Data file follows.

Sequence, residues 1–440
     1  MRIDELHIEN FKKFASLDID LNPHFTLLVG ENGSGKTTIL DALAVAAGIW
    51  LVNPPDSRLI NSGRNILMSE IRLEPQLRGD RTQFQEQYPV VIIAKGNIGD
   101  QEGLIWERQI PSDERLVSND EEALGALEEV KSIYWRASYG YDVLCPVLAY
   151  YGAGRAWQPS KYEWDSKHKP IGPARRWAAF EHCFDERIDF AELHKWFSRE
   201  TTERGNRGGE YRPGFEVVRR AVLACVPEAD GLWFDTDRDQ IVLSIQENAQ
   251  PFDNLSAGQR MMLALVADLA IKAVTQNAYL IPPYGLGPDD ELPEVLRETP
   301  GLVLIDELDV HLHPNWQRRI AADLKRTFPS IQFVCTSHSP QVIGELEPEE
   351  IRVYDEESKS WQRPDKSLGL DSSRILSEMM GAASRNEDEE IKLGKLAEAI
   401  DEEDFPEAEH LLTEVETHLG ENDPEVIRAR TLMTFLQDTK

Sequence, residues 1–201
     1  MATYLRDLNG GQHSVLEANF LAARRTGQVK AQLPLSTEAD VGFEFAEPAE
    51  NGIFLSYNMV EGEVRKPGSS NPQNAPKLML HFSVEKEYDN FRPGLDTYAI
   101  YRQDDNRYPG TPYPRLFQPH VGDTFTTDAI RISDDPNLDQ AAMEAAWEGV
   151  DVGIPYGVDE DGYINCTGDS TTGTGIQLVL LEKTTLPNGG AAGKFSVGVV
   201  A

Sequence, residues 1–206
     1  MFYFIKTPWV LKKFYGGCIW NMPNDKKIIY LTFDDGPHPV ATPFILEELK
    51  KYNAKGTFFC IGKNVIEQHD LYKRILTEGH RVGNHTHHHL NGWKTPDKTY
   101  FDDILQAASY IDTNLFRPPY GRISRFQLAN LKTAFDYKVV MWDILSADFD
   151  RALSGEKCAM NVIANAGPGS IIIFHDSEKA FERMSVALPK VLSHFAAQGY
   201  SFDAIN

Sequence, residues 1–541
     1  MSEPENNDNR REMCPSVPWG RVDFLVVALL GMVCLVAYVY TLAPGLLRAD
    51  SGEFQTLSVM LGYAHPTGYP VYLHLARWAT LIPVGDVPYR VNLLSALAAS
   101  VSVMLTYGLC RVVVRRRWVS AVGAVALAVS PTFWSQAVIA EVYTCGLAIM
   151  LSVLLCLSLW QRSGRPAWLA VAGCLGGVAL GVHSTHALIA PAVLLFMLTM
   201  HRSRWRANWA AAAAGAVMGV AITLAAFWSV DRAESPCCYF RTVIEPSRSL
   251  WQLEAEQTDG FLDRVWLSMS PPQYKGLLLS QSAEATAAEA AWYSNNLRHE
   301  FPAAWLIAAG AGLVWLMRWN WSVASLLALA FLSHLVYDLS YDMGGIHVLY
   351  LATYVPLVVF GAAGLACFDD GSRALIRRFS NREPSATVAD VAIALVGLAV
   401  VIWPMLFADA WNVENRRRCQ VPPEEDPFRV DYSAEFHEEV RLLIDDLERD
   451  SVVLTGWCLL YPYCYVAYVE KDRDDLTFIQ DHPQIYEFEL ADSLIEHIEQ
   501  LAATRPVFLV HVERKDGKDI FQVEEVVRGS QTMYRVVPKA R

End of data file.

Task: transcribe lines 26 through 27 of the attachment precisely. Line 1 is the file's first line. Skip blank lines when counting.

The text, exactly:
   101  VSVMLTYGLC RVVVRRRWVS AVGAVALAVS PTFWSQAVIA EVYTCGLAIM
   151  LSVLLCLSLW QRSGRPAWLA VAGCLGGVAL GVHSTHALIA PAVLLFMLTM